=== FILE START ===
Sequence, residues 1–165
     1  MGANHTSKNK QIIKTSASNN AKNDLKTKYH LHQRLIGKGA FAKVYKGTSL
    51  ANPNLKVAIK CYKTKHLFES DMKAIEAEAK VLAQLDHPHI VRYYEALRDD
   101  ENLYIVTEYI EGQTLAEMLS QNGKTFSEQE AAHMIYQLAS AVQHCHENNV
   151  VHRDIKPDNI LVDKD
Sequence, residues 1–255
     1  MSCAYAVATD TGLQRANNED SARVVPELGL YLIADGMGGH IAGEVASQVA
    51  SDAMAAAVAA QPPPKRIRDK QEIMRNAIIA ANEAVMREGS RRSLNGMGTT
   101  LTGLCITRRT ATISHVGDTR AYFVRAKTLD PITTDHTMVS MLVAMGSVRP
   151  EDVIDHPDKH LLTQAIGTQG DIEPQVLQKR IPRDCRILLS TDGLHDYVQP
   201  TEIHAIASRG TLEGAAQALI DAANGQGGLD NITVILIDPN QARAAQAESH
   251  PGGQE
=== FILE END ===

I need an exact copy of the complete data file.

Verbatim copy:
Sequence, residues 1–165
     1  MGANHTSKNK QIIKTSASNN AKNDLKTKYH LHQRLIGKGA FAKVYKGTSL
    51  ANPNLKVAIK CYKTKHLFES DMKAIEAEAK VLAQLDHPHI VRYYEALRDD
   101  ENLYIVTEYI EGQTLAEMLS QNGKTFSEQE AAHMIYQLAS AVQHCHENNV
   151  VHRDIKPDNI LVDKD
Sequence, residues 1–255
     1  MSCAYAVATD TGLQRANNED SARVVPELGL YLIADGMGGH IAGEVASQVA
    51  SDAMAAAVAA QPPPKRIRDK QEIMRNAIIA ANEAVMREGS RRSLNGMGTT
   101  LTGLCITRRT ATISHVGDTR AYFVRAKTLD PITTDHTMVS MLVAMGSVRP
   151  EDVIDHPDKH LLTQAIGTQG DIEPQVLQKR IPRDCRILLS TDGLHDYVQP
   201  TEIHAIASRG TLEGAAQALI DAANGQGGLD NITVILIDPN QARAAQAESH
   251  PGGQE